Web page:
The most common symptoms were abdominal symptoms such as fullness and pain, which are seen in approximately 50% of patients. Moreover certain types of ovarian cancers like germ cell cancers occur in young girls. So, one should not ignore the symptoms, even if age is less.
A cancer that originates at some other site and then spreads to ovaries is not considered as primary ovarian cancer. It is actually an abnormal growth of cells that begins in the ovaries (women reproductive glands that produce ova).
What causes Ovarian Cancer?
The exact cause of ovarian cancer is unknown; however, the following facts may increase the risk of ovarian cancer. Below mentioned can be a few factors:
- Not bearing child or first child after the age of 30 or unexplained infertility
- Early start of menstruation and late start of menopause
- Increasing age. Most often develops after menopause, though it can occur at any age
- Usage of hormone or hormone replacement therapy
- Family history of ovarian cancer/ breast cancer/ rectum or uterine cancer
Testing of the Inherited Gene Mutations
If you have a family history of ovarian cancer, it is advisable to speak to your doctor about its risk. In some cases your doctor may refer you to a genetic counselor to discuss testing for certain gene mutations that can increase your risk of having ovarian cancers.
What are the Signs and Symptoms of Ovarian Cancer?
If these symptoms persist or get worse, it is important that you visit your doctor for cancer screening. The symptoms include:
- Pain on the lower side of the abdomen/backache
- Indigestion or heartburn
- More frequent and urgent urination
- Pain during sexual intercourse
- Changes in bowel habits, such as constipation
- Increased abdominal girth or clothes fitting tighter around your waist
- Loss of appetite or quickly feeling full
How is Ovarian Cancer Diagnosed?
Following tests are done to diagnose ovarian cancer:
- Pelvic exam coupled with ultrasound examination.
- Blood test for cancer related markers. Many women with ovarian cancer have abnormally high level of CA 125 in their blood. However, a number of non-cancerous conditions also elevate CA 125 levels, and many women with early stage ovarian cancer have normal CA 125 levels. For this reason, a CA 125 test isn't usually used to diagnose or to screen for ovarian cancer, but it may be used after diagnosis to monitor how your treatment is progressing.
- Some germ cell cancers can cause elevated blood levels of the other tumor maRkers like Human Chorionic Gonadotropic (HCG), Alpha-Fetoprotine (AFP), and/or Lactate Dehydrogenase (LDH). These may be checked, if your doctor suspects that your ovarian tumor could be a germ cell tumor.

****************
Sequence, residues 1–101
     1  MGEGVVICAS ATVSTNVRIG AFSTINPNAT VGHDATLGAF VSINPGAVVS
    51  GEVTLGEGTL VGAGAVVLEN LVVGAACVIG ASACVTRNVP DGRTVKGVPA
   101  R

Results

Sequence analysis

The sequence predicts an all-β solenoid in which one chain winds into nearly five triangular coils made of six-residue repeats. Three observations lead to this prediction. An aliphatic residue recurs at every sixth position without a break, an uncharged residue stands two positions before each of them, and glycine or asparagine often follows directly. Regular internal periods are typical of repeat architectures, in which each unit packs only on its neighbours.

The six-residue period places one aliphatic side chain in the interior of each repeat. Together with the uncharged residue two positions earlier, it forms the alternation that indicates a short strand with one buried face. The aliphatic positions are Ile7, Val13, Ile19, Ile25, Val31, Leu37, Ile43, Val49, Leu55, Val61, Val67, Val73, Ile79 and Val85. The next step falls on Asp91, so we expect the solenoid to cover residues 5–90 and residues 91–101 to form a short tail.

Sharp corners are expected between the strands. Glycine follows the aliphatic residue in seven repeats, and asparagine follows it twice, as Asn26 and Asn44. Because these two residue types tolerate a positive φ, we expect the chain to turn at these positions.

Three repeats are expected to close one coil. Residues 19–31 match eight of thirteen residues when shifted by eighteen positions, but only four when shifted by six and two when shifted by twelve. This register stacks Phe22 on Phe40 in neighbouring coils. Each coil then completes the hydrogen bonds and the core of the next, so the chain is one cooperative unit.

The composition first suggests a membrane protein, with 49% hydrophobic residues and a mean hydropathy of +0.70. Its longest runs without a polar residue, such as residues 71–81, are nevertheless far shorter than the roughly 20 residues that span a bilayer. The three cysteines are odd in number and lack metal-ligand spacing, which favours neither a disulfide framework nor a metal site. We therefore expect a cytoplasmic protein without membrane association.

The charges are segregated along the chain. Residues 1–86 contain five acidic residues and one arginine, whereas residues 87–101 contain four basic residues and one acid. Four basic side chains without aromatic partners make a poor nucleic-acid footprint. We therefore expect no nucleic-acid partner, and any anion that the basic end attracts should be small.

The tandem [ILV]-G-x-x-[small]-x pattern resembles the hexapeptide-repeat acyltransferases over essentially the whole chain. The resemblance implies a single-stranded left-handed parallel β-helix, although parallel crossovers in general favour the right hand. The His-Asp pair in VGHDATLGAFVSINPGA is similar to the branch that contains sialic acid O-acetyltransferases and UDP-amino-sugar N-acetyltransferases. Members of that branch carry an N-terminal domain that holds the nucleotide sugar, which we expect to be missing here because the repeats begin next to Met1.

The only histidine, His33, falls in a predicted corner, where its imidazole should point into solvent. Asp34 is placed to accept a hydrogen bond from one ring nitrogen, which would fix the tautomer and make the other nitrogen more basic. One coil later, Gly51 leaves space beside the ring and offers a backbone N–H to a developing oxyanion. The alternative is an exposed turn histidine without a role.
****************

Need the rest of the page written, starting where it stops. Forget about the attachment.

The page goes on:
- Some ovarian stromal tumors cause the blood levels of a substance called Inhibin and hormones such as Estrogen and Testosterone to go up. These levels may be checked, if your doctor suspects that you have this type of tumor.
- Biopsy is usually done by an Oncologist. The doctor takes a sample of the suspected ovary and the stage of presence of the condition is then analyzed by a pathologist.
Visit the nearest cancer specialist hospital in Delhi for ovarian cancer diagnosis.
What are the possible options of controlling ovarian cancer?
There is no way to prevent ovarian cancer. However, following facts may lower the chances of getting ovarian cancer:
- Use of birth control pills
- Having had a tube ligation, both ovaries removed or hysterectomy (an operation in which the uterus and sometimes, the cervix is removed)
- Having given birth
How can you staging Ovarian Cancer?
Doctors use the result of your surgery to help determine the extent or stage of your cancer. Your doctor may also use information from imaging tests, such as Computerized Tomography (CT)/PET-Scan. Your cancer's stage helps determine your prognosis and your treatment options.
Is Ovarian Cancer Treatable?
Ovarian cancer is very much treatable and earlier the detection better is the outcome. There are mainly 3 types of treatment options for ovarian cancer and they may be used in combination:
Surgery: This is when the oncologist surgically removes the ovary and other tissues that may be affected by the cancer.
Chemotherapy: The oncologist uses drugs to kill the cancer cells.
Radiation Treatment: This treatment involves the use of high energy ionizing radiation to kill the cancer cells.
As per the National Breast and Ovarian Cancer Centre, Australia, “ovarian cancer” is not a silent killer. The study says that 830 per 1000 women have had at least one symptom of ovarian cancer for more than a year prior to their diagnosis. It was also found that 170/0 of women waited more than three months after the onset of their symptoms before visiting their doctor, with 80/o waiting more than six months.